Tracking Apps: The Pros And Cons Of ‘Spying’ On Your Children |

Tracking Apps: The Pros And Cons Of ‘Spying’ On Your Children

All parents worry about their kids. But does that make it alright to ‘spy’ on them?

Posted on

18 October 2018

Tracking App

Increasing numbers of parents are using GPS tracking apps on their phones so they can always tell exactly where their children are.

However, using this type of surveillance on adults might be considered harassment, and while they may give peace of mind to anxious parents, the counter-argument is that they’re not helping young people learn to be independent and keep safe on their own.

Parents need to allow their children to grow up to be independent, and there’s a sense that this has the potential to prevent that happening in a healthy and natural way.

How would we have felt as teenagers knowing our parents always knew where we were? Part of being a teenager is exactly the opposite of that.

Also, tracking raises important questions around consent, suggesting some parents may feel that because they pay for their child’s mobile phone, they’re entitled to know where their child is all the time.

But despite having such conversations with their children, some parents may still want to use a tracking app.

So what are the pros and cons of using such technology?


1. Peace of mind for parents

Parents no longer need to ring their child continuously, thus causing them to feel embarrassed, or interrupting their play and exploration.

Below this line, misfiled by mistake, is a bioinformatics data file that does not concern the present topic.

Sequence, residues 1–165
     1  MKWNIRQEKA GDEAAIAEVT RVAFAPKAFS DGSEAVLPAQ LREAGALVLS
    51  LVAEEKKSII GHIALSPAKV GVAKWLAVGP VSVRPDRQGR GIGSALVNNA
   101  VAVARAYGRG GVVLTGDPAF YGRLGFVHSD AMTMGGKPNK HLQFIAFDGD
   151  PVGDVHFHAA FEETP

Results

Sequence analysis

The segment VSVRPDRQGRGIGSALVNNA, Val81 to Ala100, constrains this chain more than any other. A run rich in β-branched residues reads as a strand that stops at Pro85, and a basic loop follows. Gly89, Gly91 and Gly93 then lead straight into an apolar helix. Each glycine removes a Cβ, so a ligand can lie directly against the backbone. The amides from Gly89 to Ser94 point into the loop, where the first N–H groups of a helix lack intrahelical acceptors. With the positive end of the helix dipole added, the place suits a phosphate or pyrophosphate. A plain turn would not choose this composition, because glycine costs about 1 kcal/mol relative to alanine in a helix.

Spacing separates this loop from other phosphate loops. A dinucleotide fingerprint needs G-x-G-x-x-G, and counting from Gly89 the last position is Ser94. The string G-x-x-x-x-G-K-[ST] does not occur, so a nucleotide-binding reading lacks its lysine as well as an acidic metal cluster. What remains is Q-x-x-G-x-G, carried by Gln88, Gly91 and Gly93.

Location tracking can also ease unnecessary worry if a child doesn’t answer the phone straight away - through GPS tracking, a parent can receive a quick update and put their mind to rest.

2. Gives kids more freedom

It gives children more freedom because when parents know where the children are, means they're more relaxed about ­letting the kids go further afield.

3. Reassurance for children

Location tracking can also be reassuring for the child, particularly if they get lost - this is especially useful if a child wanders off in a crowded place.

This peace of mind is relevant to older children too, especially in the wake of new research by Girlguiding UK that shows nearly two-thirds of 13 to 21 year-olds either feel unsafe, or know someone who is fearful of walking home alone.


1. Kids may become more secretive

Young people may respond to being tracked by becoming increasingly secretive and flouting the surveillance by, for example, leaving their phone at a friend’s house so their parents think they’re there.

2. They don’t become streetwise

Young people run the risk of not learning to be ­independent and safe on their own.

3. Internet and social media access

Children need a smartphone for their parents to install a tracking app, but this can expose them to the potential dangers associated with social media and the internet such as cyberbullying, inappropriate contact with strangers and unsupervised access to inappropriate information.

4. Trust issues

If they’re being tracked, young people may feel their parents think they can’t be trusted. By contrast, if they feel they are trusted, such responsibility can help them behave in a trustworthy manner.

Teenagers might feel they’re mistrusted and controlled by ‘helicopter’ parents. Make sure the discussions you have with them are transparent and always listen to their feedback.